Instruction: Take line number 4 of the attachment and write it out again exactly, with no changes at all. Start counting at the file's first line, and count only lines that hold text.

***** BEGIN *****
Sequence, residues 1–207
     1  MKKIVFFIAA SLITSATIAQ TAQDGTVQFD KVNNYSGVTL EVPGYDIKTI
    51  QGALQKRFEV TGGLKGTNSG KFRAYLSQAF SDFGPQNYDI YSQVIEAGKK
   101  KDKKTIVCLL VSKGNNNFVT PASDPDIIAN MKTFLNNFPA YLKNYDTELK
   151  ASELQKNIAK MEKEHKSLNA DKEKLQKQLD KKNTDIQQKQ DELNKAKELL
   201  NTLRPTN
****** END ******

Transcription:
   101  KDKKTIVCLL VSKGNNNFVT PASDPDIIAN MKTFLNNFPA YLKNYDTELK